Jesse Seymour recently asked this question on Twitter:
Hey #sqlfamily, need some research help 🙂 Your opinion, top ten skills to master for entry level MS BI pro? Could be tech or soft skills
— Jesse Seymour (@JesseBizInt) August 11, 2016
This is a GREAT question because many people starting a path in business intelligence, SQL Server, or other technical fields often struggle to figure out what skills are important. Early in my career, I struggled with this too because I simply wasn’t thinking about professional development. I was focused on putting one foot in front of the other, only solving the immediate problems. If I were to begin my career again, here are ten skills I’d start building as soon as possible:
1. Listening for and understanding the desired outcome
The ability to listen is critical.
I repeat: The ability to listen is critical.
Every project, every assignment, every task has a desired outcome. As technology enthusiasts, it’s easy to start mentally sketching blueprints as soon as we hear someone say, “We need a data warehouse in the cloud.” The funny thing is, sometimes that’s not at all what they need — it’s what they imagine they need. What really matters are the requirements and the desired outcome. Maybe what they really want is a lot of historical data with 24/7 uptime, and “the cloud” just sounds like the best approach.
Here’s the catch: right now it’s up to the people above you (senior developers, architects, or managers) to figure out how to pull it off. They understand the technology, the inner workings of your company, the political landscape, etc., much better than you do. Ask what they heard and how they’re translating requirements into a solution. You’ll get valuable insight into the business, established relationships, and why proposed solutions are likely (or unlikely) to work.
Eventually you’ll be asked to do the translating, so start learning how to do that now.
2. Listening for and understanding concerns
In addition to understanding what people want to happen, you must understand what about this outcome worries them. There may be negative consequences associated with this solution, even if it’s successful. For example, implementing a new data warehouse adds new overnight processes, making it more likely a DBA will have to fix it in the middle of the night. Or perhaps launching a new web portal means more openings in the corporate firewall and increased risk of breach. Whatever solution you end up building needs to account for these concerns. Whether they’re legitimate concerns or not, they are real to whoever is expressing them.
3. Understanding how any previous attempts/initiatives failed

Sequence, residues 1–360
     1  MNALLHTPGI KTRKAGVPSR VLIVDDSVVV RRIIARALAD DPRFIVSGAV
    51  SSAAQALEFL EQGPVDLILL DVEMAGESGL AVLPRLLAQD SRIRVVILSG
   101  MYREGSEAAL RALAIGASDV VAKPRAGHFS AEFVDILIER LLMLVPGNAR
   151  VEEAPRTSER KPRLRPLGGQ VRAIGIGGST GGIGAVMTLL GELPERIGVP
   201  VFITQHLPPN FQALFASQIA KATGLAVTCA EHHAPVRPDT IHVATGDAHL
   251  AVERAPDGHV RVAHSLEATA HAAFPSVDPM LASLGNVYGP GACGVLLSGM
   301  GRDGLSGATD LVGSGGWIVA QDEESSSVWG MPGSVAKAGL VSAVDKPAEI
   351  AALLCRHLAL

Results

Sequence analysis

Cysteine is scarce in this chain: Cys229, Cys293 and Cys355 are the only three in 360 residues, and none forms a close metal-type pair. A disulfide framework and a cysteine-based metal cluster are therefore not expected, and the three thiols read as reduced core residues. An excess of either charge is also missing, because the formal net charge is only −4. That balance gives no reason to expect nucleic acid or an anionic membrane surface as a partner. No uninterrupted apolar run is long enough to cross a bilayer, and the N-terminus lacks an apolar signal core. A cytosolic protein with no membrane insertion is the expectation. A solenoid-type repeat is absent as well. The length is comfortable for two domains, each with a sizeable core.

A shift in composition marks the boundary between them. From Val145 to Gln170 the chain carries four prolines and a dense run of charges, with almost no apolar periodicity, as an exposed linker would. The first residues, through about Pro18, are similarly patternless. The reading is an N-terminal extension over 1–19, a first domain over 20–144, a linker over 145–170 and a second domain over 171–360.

The concerns about your solution may be rooted in history. If you’re in an entry-level or junior position, odds are you haven’t been with the company since its inception. Before you arrived, there were other projects — some successful, some not. If the desired outcome has been attempted before, you want to understand why it fell short. By paying attention to what has/hasn’t worked in the past, you’ll learn to match the right solutions to the right problems. Also, if something was such a spectacular disaster that it got people fired…yeah, you want to avoid repeating that mistake.
4. Technical curiosity
There’s a common refrain among the people who rise to the top of their technical field. When they observe a behavior, for example a function returning unexpected results or a report rendering strangely, they wonder why that is. Then they dig in to find out why. They have a scientific curiosity for technology. When Kendra Little introduces herself at a presentation, she often mentions she’s a Microsoft Certified Master, which means she broke SQL Server a lot.
Without technical curiosity, you won’t feel the urge to explore and understand. You won’t spend your spare time reading blogs, building a virtual lab at home, or coming up with your own open-source script to share with the world. Your career ceiling will be lower.
Senior developers and DBAs become senior because they care about why things work. How far you go depends on how much you care.
5. Learning to research efficiently
This is a vital skill, so much so that it’s the basis of the best compliment I ever received in my career. The era of finding what answers you could by scanning a cabinet full of 800-page books is over. (Hey, at least now they’re sold in searchable, portable e-book form.) There’s now an abundance of helpful people on the internet who want to share what they learned in solving a specific problem. By leaning on their experiences, you can reduce a frustrating, days-long quest to fix an error down to a hiccup easily solved before the ten o’clock status meeting.
If you know where and how to look, that is.
The more research you do, the more you learn about which sites and blogs will help you the most and which ones to avoid. You learn what phrasing and keywords get you to the answers you’re most likely seeking. Over time, you learn who is giving you the answers that work. You learn how and where to ask questions that get responses quickly.
An added bonus is that your colleagues will start coming to you for answers, knowing that even if you don’t have the answer, you’ll be the fastest at getting it for them.
6. Self-control to stick to the problem
It’s called “scope creep”. In the consulting world, it’s a reason to say no to adding a feature. In the junior developer world, it’s a reason to say yes. It’s tempting, as you learn new technological tricks, to try integrating them into the project. After all, why not put that new-found knowledge to good use? What you just learned is a shiny object, a squirrel darting in your peripheral vision. You can recommend this new technique or feature be added to the project, but be ready to a) defend it as completely relevant and important and b) have it shot down immediately.